January 1, 2021
Enhanced visceromotor emotional reactivity in dyslexia and its relation to salience network connectivity
Virginia E. Sturm, Ashlin R. K. Roy, Samir Datta, Cheng Wang, Isabel J. Sible, Sarah R. Holley, Christa Watson, Eleanor R. Palser, Nathaniel A. Morris, Giovanni Battistella, Esther Raha, Marita Meyer, Mikhail Pakvasa, Maria Luisa Mandelli, Jessica Deleon, Fumiko Hoeft, Eduardo Caverzasi, Zachary A. Miller, Kevin A.Shapiro, Robert Hendren, Bruce L. Miller, Maria Luisa Gorno-Tempini
There is heightened visceromotor emotional reactivity in dyslexia, which may lead to interpersonal strengths as well as affective vulnerabilities (anxiety and depression).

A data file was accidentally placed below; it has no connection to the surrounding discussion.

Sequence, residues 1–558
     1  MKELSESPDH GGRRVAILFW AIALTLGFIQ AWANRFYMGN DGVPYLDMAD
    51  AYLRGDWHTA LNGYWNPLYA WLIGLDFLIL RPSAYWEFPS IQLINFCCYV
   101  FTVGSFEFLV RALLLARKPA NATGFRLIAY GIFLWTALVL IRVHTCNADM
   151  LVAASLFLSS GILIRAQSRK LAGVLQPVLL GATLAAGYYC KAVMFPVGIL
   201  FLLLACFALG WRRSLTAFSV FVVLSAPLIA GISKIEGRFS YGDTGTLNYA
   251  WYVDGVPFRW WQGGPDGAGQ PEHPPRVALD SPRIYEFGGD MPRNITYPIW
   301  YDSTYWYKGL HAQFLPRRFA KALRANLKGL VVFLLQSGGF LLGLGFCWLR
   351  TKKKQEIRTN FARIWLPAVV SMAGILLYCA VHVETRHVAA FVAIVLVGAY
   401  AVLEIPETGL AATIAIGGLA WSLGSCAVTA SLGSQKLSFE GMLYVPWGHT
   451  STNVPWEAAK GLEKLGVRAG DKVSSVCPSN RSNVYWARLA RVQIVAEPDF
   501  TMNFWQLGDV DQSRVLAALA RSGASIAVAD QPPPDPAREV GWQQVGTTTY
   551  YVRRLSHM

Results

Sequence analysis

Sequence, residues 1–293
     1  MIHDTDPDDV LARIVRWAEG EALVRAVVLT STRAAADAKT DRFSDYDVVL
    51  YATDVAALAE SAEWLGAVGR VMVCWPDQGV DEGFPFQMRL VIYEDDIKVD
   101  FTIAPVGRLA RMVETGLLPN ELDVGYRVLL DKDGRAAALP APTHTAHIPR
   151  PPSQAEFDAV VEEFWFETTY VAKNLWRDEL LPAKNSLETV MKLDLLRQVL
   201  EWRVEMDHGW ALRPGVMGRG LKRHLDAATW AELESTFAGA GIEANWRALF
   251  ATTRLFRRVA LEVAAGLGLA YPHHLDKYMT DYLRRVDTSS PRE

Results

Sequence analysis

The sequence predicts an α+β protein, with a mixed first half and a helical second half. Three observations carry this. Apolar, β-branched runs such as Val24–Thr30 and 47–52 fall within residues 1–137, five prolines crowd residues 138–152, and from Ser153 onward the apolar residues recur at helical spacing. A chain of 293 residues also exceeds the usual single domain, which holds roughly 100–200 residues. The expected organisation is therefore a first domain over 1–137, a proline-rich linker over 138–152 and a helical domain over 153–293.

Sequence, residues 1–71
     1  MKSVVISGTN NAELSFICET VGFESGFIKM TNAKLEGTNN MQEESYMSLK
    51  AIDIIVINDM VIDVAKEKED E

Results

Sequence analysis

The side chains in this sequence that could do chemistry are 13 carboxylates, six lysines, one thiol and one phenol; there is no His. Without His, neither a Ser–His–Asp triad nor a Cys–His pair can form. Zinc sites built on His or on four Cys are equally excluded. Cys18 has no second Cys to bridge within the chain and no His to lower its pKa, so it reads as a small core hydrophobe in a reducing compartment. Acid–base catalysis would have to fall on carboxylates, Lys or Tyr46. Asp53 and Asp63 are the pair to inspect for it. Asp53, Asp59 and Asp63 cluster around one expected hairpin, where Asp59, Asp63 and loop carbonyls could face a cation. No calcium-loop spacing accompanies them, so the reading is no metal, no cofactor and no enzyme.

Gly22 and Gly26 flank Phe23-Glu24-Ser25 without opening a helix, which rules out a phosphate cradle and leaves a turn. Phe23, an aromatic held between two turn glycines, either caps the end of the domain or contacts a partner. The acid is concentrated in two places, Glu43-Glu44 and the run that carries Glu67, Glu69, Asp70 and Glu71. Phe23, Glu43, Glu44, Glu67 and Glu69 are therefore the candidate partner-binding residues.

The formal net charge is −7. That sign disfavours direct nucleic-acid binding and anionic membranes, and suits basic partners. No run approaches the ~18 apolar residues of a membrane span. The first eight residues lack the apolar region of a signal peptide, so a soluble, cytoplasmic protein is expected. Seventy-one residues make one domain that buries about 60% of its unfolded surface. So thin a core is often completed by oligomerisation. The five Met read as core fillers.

Dyslexia is a neurodevelopmental disorder mainly defined by reading difficulties. During reading, individuals with dyslexia exhibit hypoactivity in left-lateralized language systems. Lower activity in one brain circuit can be accompanied by greater activity in another, and, here, we examined whether right-hemisphere-based emotional reactivity may be elevated in dyslexia. We measured emotional reactivity (i.e., facial behavior, physiological activity, and subjective experience) in 54 children ages 7–12 with (n = 32) and without (n = 22) dyslexia while they viewed emotion-inducing film clips. Participants also underwent task-free functional magnetic resonance imaging. Parents of children with dyslexia completed the Behavior Assessment System for Children, which assesses real-world behavior. During film viewing, children with dyslexia exhibited significantly greater reactivity in emotional facial behavior, skin conductance level, and respiration rate than those without dyslexia. Across the sample, greater emotional facial behavior correlated with stronger connectivity between right ventral anterior insula and right pregenual anterior cingulate cortex (pFWE<.05), key salience network hubs. In children with dyslexia, greater emotional facial behavior related to better real-world social skills and higher anxiety and depression. Our findings suggest there is heightened visceromotor emotional reactivity in dyslexia, which may lead to interpersonal strengths as well as affective vulnerabilities.